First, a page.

THE WAR BEFORE THE CALM
Today’s goal was simple: show my parents that I’m a WISE, SAGELY, WOODWORKING ADULT. Not sure that goal worked out since most of the day was spent with my mom constantly asking, “What are you DOING?” while I exclaimed, “I’M MAKING A TENON JIG,” much like a five year old trying to acquire cardboard, aluminum foil, and duct tape while yelling, “I GOING TO OUTER SPACE!”
When I finally finished everyone was still confused.
So, explanation time. BASICALLY, this is my wooden amulet of finger protection when it comes to one of the necessary cuts to make these top bars. In fact, I should back up and cover the cuts necessary.
- First off I need to cut lengths of (for my hive) 20 inches to start.
- Then I cut those into 1 3/8 inch wide strips. If you’re my dad, you’re asking, “Why are bees so picky? What happens if it’s 1 1/2 inches? Will they leave?” At this point if you’re my mom you chime in, “How is this all so complicated!? How did anyone ever figure this out?!” and instead of explaining the long and rich history of Reverend Langstroth and Abbé (Abbot) Warré, fathers of beekeeping, I will start yelling “BECAUSE BEE SPACE! BECAUSE BEE SPACE!” Spoilers: if it’s less than 1/4 inch they will propolis it shut and if it’s more than 1/2 inch they will try to fill it with comb and all kinds of nonsense will happen. Bees are fascinatingly adaptive of where they live but pretty rigid about COMB and SPACE because of, well, a lot of reasons.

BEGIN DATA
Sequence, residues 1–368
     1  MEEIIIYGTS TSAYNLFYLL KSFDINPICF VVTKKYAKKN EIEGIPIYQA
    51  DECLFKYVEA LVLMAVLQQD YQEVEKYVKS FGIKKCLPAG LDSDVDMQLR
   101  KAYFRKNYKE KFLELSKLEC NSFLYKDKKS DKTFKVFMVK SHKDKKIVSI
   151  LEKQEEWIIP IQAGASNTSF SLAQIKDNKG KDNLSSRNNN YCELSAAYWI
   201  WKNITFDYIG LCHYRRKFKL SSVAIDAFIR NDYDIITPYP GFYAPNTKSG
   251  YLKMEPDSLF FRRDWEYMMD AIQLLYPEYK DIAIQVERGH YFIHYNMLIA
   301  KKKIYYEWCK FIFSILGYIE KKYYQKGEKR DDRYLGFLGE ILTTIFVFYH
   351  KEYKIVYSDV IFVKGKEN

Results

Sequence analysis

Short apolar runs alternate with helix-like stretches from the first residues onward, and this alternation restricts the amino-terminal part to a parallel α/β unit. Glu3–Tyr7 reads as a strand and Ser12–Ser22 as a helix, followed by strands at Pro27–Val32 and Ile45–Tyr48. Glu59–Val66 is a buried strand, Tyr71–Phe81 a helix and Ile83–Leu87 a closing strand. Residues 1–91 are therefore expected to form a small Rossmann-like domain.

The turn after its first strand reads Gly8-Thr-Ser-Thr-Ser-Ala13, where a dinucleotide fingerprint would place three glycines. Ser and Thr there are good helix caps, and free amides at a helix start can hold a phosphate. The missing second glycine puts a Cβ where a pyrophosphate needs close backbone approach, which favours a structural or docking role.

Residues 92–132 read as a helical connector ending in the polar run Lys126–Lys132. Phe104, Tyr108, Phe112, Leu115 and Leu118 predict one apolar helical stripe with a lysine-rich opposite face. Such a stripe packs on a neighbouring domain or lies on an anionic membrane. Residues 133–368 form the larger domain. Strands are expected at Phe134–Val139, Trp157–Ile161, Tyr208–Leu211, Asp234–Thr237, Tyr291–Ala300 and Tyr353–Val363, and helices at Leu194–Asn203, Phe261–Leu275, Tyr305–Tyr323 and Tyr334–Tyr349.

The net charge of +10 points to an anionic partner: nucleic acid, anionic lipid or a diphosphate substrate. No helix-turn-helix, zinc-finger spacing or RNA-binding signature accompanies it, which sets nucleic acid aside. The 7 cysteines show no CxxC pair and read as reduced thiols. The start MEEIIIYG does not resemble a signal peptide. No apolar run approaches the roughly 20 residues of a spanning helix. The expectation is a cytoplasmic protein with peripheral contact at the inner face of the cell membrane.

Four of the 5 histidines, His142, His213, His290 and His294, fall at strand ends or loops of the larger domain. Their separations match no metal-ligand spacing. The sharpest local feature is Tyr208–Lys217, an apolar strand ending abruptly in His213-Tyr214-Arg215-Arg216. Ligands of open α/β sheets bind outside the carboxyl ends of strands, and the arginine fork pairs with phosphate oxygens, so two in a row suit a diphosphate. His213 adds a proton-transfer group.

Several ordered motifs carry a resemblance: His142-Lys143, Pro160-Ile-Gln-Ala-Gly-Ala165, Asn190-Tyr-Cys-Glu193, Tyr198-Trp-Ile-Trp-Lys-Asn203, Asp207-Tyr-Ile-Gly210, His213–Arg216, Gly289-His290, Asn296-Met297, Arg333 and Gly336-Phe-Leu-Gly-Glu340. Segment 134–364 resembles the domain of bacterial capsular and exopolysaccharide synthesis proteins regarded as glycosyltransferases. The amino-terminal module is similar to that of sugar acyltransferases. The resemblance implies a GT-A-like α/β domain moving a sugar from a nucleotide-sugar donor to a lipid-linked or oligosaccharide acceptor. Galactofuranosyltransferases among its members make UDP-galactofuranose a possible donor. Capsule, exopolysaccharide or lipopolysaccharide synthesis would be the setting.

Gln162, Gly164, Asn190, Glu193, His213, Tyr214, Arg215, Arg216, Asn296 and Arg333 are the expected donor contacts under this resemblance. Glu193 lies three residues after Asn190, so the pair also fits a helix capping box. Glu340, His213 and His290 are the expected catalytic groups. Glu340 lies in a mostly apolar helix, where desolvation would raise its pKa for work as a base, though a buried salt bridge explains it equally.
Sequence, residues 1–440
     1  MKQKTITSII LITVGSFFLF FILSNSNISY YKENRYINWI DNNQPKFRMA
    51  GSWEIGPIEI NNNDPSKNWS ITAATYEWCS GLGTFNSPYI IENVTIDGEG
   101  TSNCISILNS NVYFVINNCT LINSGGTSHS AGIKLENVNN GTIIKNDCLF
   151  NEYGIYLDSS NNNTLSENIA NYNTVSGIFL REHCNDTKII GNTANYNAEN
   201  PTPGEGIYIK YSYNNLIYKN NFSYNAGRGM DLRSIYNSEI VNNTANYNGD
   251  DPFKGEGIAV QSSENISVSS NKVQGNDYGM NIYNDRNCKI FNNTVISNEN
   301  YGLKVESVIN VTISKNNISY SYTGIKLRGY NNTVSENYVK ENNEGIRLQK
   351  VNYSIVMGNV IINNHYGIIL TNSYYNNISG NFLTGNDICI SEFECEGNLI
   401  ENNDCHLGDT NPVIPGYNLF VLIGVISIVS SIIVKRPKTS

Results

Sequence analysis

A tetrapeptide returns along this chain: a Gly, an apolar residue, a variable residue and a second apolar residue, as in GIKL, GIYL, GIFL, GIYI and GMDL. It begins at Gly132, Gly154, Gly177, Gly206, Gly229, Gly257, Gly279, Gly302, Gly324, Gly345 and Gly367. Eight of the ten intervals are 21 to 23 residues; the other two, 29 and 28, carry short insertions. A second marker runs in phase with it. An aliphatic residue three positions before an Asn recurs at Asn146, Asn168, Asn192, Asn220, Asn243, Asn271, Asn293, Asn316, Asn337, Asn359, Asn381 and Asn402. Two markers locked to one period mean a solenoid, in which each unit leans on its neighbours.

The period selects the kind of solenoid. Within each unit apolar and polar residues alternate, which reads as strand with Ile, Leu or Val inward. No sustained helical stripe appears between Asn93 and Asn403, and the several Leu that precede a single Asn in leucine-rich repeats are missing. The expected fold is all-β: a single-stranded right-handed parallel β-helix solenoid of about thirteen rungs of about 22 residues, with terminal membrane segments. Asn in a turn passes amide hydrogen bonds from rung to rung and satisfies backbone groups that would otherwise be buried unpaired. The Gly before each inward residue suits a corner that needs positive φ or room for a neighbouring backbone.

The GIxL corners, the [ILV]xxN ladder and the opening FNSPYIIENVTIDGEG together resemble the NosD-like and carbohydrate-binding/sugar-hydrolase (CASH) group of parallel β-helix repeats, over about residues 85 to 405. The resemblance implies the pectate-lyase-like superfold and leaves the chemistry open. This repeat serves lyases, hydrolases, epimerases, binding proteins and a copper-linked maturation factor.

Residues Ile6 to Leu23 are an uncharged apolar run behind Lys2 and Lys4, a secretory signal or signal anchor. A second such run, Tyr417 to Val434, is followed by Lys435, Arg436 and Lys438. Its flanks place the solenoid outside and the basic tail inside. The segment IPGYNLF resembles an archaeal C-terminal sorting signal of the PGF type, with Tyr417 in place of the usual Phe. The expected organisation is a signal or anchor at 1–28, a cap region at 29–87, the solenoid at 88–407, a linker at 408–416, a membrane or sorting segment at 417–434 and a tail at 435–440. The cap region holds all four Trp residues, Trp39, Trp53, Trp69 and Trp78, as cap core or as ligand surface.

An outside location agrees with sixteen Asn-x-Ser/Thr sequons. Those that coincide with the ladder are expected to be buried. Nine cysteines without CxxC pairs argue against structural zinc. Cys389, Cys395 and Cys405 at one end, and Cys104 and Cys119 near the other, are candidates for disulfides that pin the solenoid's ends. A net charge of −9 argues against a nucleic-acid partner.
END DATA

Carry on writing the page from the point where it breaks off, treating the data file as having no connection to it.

- ALRIGHT, then I need to do the first cut of what I call my “shelf” down the middle of the two ends (ended up being about 1 1/4 inches into it) so that eventually it will sit nicely on the lip of my hive.